http://forum.azimuthproject.org/discussion/comment/12570/#Comment_12570

This is the average monthly tidal gauge measurement at Sydney Harbor after filtering out the lower frequency fluctuations. It is a very simple formulation with a 2-year periodic forcing a wave equation with a ~10 year Mathieu modulation

That may be a second mode of ENSO variability, and this 2 year mode may be related to initiating phase reversals

http://contextearth.com/2014/09/23/two-modes-to-enso-variability/

# Other news

Head's up too, as this scientific finding is making the rounds. http://www.cnet.com/news/the-moon-is-shrinking-and-the-earth-is-shaping-it/

Except for the effect of tides, it is strange that scientists do not ascribe much of the earth's behavior to lunar effects. Yet this research claims that the earth has a huge impact on the moon.

The fault lines match up with tidal gravitational forces due to the earth.

Also recall the obscure paper I mentioned in a comment a few months ago: https://forum.azimuthproject.org/discussion/comment/14559/#Comment_14559

New Concepts in Global Tectonics Newsletter, no. 60, September, 2011 SUN, MOON AND EARTHQUAKES Vinayak G. KOLVANKAR Former scientist, BARC, Mumbai 400051, India http://www.ncgt.org/newsletter.php?action=download&id=130 "It was found that nearly 98% of the earthquakes for different regions, examined for the period 1973-2008, show a direct relationship between the Sun’s position and the earthquake-moon distance together with the Sun-Earth-Moon angle. As the time changes from 00-24 hours, the sum of the earthquake-moon distance and the Sun-Earth-Moon angle changes through 360 deg, and plotting these two variables for different earthquakes reveals a simple 45 deg straight-line relationship between them."

Is not this the same thing as what the scientists are finding with respect to the moon? Why is the moon discovery getting acceptance, while this other finding by (I assume) a retired scientist from India not? At the time, I thought Kolvankar may have goofed because the fit was too good, but now I am not so sure.

Comment Source:I posted some evidence for a strong strictly biennial oscillation with respect to tidal gauge monitoring here: http://forum.azimuthproject.org/discussion/comment/12570/#Comment_12570 This is the average monthly tidal gauge measurement at Sydney Harbor after filtering out the lower frequency fluctuations. It is a very simple formulation with a 2-year periodic forcing a wave equation with a ~10 year Mathieu modulation ![tide](http://imageshack.com/a/img904/6197/f7qRxC.gif) That may be a second mode of ENSO variability, and this 2 year mode may be related to initiating phase reversals http://contextearth.com/2014/09/23/two-modes-to-enso-variability/ --- # Other news Head's up too, as this scientific finding is making the rounds. http://www.cnet.com/news/the-moon-is-shrinking-and-the-earth-is-shaping-it/ Except for the effect of tides, it is strange that scientists do not ascribe much of the earth's behavior to lunar effects. Yet this research claims that the earth has a huge impact on the moon. ![mon](http://cnet3.cbsistatic.com/hub/i/2015/09/16/8db5b569-8e03-438f-9c43-1175fd3b79db/996211eb6a6999fbc9c7a1145a32c109/scarps.jpg) The fault lines match up with tidal gravitational forces due to the earth. Also recall the obscure paper I mentioned in a comment a few months ago: https://forum.azimuthproject.org/discussion/comment/14559/#Comment_14559 >New Concepts in Global Tectonics Newsletter, no. 60, September, 2011 SUN, MOON AND EARTHQUAKES Vinayak G. KOLVANKAR Former scientist, BARC, Mumbai 400051, India http://www.ncgt.org/newsletter.php?action=download&id=130 "It was found that nearly 98% of the earthquakes for different regions, examined for the period 1973-2008, show a direct relationship between the Sun’s position and the earthquake-moon distance together with the Sun-Earth-Moon angle. As the time changes from 00-24 hours, the sum of the earthquake-moon distance and the Sun-Earth-Moon angle changes through 360 deg, and plotting these two variables for different earthquakes reveals a simple 45 deg straight-line relationship between them." Is not this the same thing as what the scientists are finding with respect to the moon? Why is the moon discovery getting acceptance, while this other finding by (I assume) a retired scientist from India not? At the time, I thought Kolvankar may have goofed because the fit was too good, but now I am not so sure.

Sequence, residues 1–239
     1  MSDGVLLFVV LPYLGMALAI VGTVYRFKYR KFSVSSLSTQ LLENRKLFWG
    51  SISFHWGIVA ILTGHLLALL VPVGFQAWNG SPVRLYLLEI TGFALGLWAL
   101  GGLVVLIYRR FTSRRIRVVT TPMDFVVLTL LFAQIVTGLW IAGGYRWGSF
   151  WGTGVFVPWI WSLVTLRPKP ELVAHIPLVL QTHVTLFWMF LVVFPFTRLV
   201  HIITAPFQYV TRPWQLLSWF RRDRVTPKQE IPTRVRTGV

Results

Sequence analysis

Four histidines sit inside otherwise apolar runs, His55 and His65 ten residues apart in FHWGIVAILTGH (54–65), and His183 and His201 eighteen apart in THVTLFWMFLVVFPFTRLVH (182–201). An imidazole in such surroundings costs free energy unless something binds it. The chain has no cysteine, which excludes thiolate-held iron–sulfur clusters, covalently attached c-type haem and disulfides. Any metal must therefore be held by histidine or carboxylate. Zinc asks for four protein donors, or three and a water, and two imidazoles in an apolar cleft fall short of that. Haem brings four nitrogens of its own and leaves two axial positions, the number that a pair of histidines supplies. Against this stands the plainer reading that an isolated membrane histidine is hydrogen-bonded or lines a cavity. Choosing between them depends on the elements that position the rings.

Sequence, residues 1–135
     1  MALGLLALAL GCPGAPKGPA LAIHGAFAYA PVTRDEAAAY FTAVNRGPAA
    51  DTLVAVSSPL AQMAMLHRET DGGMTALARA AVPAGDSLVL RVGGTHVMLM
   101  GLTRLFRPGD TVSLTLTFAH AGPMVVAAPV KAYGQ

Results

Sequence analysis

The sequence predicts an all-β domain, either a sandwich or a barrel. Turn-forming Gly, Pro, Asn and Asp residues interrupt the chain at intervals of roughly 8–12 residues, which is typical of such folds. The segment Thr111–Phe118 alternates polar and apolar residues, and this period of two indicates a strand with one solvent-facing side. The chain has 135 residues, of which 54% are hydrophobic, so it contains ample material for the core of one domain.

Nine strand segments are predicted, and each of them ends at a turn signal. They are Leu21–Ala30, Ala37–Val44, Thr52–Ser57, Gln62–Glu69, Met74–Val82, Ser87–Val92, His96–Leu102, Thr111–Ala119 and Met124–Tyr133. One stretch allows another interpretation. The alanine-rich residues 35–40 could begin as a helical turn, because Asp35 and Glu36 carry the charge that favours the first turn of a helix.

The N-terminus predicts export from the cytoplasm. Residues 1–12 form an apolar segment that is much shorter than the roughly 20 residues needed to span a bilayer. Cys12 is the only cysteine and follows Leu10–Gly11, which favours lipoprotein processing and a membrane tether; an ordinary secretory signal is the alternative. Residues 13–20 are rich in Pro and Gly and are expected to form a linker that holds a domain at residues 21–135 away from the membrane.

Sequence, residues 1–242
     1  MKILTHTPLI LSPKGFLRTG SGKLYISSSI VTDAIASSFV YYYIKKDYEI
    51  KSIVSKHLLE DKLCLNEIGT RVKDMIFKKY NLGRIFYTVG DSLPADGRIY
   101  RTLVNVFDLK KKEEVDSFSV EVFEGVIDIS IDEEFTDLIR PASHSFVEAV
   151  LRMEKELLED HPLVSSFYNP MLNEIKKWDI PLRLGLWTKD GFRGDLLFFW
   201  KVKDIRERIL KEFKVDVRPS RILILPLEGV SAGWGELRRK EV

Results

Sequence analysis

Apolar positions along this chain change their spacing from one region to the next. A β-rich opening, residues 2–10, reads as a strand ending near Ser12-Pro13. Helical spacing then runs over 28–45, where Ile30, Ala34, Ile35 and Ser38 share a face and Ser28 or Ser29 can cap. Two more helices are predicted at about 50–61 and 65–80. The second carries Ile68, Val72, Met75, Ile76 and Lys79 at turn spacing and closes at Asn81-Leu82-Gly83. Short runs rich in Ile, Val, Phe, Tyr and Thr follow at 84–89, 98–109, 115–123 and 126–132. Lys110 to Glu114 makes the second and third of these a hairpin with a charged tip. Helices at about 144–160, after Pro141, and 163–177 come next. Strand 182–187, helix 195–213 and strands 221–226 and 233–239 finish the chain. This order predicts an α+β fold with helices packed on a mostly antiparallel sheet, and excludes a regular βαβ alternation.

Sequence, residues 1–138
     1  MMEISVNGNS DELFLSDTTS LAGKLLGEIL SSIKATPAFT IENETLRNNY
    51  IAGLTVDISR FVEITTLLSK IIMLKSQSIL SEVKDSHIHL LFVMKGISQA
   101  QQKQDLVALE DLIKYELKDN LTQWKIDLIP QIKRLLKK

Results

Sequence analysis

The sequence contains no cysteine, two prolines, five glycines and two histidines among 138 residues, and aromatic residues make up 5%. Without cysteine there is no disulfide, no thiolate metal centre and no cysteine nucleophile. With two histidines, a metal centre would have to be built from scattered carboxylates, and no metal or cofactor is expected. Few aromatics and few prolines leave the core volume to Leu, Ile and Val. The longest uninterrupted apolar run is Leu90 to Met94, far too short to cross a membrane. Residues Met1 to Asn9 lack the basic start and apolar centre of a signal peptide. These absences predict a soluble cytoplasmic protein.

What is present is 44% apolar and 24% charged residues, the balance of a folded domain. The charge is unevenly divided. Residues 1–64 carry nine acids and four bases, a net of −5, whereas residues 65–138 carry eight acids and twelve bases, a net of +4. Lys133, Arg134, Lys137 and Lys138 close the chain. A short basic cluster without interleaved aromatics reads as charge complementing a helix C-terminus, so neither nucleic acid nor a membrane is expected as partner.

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15.

File under Bizarre -- several AGW denialist bloggers are complaining that I am "nicking" (i.e. stealing) their ideas with respect to the ENSO model described in the Azimuth Forum.

It really is the wild west out there. I have to admit to stirring the pot a little ... but as far as stealing goes, they may want to blame the machine learning, because it knows not what it is doing and has no conscience.

Comment Source:File under Bizarre -- several AGW denialist bloggers are complaining that I am "nicking" (i.e. stealing) their ideas with respect to the ENSO model described in the Azimuth Forum. It really is the wild west out there. I have to admit to stirring the pot a little ... but as far as stealing goes, they may want to blame the machine learning, because it knows not what it is doing and has no conscience.